Jane Bellerby and Ginny Clayton woudln't be without two veggies in their winter kitchen gardens – Pak Choi and Miner's Lettuce.
Making winter salads interesting and enticing can be a challenge because so many traditional salad vegetable are summer crops.
This is why miner’s lettuce (Claytonia perfoliata) – also called winter purslane, spring beauty or Indian lettuce – is such a favourite in our household. Miner's lettuce has a high vitamin C content. This quality won this humble plant a reputation for countering scurvy.
It also gave it its name. Itinerant gold miners, aware of the health benefits of this easy-to-grow green, carried seed with them, colonising the plant during successive goldrushes.
Today, vegetarians also find this plant invaluable in their diet for another reason: it is a source of essential omega 3 fats Miner's lettuce has a pleasant flavour, somewhere between lettuce and spinach but a little sweeter. Children are fascinated by its succulent looking leaves, shaped a bit like a snake's head, and may be persuaded to pick and eat it straight from the plant. Picked as a come again salad green, it can grow into quite a large plant and, unlike many vegetables of a similar ilk, its older leaves don't become bitter with age. The leaves are also delicious steamed with spinach or beets, or in added to stir-fries towards the end of cooking.
Miner’s lettuce is easily grown from seed (the seed is small, round and shiny). Although a tray can be used, it is best sown directly into the garden. Miner's lettuce has a taproot and if it is grown in trays it should be transplanted when the seedlings are small, before the root develops. If it is sown into the plot directly, thinning can be left until the leaves are big enough to be eaten.
Sow by sprinkling seed thinly on top of the soil and pressing it in without covering. If you grow it as a border two rows wide ringing a veggie patch, it is readily accessible and also looks attractive. You can also try growing it in tubs or pots with parsley and other salad greens. It will tolerate moderate frost and can be grown throughout winter. If you have sandy or loamy soil and let it self-seed, you'll have it forever.
Pak Choi is a quick growing, short season vegetable with a wide variety of culinary uses. Even at this chilly time of year seeds can be sown in temperate zones and it will flourish despite moderate frost.
As you might expect of a plant cultivated for thousands of years, plant breeders have bred various types of pak choi suitable for specific uses. For example, purple flowering pak choi – which can produce more than 20 flowerheads a plant – is grown for the flower stalks often used in stir fry dishes.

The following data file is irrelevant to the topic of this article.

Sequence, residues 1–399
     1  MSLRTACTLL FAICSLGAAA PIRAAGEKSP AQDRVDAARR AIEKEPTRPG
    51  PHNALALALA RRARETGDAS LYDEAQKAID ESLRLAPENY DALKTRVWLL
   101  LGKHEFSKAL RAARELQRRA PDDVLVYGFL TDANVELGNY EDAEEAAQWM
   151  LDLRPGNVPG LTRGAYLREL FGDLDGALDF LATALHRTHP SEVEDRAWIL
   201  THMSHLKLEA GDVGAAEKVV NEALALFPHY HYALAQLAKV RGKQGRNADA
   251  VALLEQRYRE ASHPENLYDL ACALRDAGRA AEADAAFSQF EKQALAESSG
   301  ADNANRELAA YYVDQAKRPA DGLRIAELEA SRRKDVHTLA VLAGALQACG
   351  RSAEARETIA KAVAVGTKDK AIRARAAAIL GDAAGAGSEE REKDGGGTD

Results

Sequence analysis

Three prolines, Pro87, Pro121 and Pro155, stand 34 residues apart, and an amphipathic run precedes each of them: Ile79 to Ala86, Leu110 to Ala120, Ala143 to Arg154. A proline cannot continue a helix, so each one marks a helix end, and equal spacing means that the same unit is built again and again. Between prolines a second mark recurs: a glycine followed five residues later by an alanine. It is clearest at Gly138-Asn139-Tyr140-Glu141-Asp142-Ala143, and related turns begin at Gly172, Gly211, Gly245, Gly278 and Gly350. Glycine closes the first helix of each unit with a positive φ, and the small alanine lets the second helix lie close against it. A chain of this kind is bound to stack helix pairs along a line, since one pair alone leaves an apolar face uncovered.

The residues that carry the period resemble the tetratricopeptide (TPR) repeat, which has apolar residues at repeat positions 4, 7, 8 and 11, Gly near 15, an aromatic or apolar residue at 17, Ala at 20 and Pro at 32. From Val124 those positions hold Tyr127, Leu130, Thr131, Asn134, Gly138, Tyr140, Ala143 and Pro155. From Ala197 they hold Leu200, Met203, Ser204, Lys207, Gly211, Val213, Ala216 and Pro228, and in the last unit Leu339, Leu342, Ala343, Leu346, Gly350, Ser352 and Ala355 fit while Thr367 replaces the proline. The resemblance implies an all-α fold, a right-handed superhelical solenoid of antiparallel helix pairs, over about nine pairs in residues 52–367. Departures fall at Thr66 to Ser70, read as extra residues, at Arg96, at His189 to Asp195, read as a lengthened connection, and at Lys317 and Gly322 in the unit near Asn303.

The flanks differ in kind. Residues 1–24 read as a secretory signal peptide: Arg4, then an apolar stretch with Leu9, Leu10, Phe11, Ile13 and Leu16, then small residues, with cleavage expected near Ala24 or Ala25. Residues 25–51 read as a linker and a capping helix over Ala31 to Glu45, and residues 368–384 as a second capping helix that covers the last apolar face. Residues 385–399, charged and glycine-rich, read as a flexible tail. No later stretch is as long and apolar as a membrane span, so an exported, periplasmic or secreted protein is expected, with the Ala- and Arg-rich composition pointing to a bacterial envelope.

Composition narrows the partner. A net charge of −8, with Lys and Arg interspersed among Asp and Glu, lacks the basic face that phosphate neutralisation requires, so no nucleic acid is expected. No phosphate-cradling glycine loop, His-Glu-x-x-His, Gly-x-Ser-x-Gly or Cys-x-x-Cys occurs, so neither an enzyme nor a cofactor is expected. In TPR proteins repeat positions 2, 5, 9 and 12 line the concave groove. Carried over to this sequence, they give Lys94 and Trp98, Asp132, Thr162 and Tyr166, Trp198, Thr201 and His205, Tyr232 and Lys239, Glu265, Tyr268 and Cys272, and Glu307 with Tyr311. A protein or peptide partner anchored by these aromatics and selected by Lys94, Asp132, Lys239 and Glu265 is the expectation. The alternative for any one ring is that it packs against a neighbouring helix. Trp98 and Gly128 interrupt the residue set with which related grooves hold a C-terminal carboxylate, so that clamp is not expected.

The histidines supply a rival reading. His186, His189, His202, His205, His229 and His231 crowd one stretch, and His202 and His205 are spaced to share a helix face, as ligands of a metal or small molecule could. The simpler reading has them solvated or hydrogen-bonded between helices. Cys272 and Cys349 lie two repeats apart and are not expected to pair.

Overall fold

A recent addition is Qin Tah Tsai F1. It has deeply veined, dark succulent leaves and is ideal for year-round cropping. It may be picked 30 days from sowing or left to grow to full harvesting size.
Another variety, the mellow-flavoured Joi Choi F1 grows upright, has excellent cold tolerance and is disinclined to bolt. For hotter weather there’s Cash F1.
It’s easy to let these quick growing greens get past their best so pick them young and make successive plantings to ensure a steady supply.
Pak choi likes soil well prepared with compost and animal manures, such as chicken and sheep pellets. It also responds to a pH of about 5.6 to 6.5, so lime our soil accordingly.
Prepare the seedbed with a fine layer of soil along the drills or over the top of your container. Sow seed thinly in rows, aiming for a final spacing of about 15cm between plants. Cover with fine soil to a depth of about 1cm and moisten. At this time of year, avoid heavy watering and give it full sun. In summer, however, you are best advised to grow pak choi in a cooler spot. Once the seedlings are up and a few centimetres high, you can thin them and transplant the thinnings.
White butterfly and the diamond-backed moth will enjoy your pak choi as much as you do. Cover your pak choi with netting to ward off these pests or use the organic spray Bacillus thuringiensis (Bt), a successful, environmentally friendly, microbial insecticide.
You can harvest pak choi leaves 4-6 weeks from the time of sowing and enjoy them in winter and spring salads and in stir fries.
Copyright © Weekend Gardener: www.weekendgardener.co.nz
For subscriptions and further infomation please go to the Weekend Gardener website.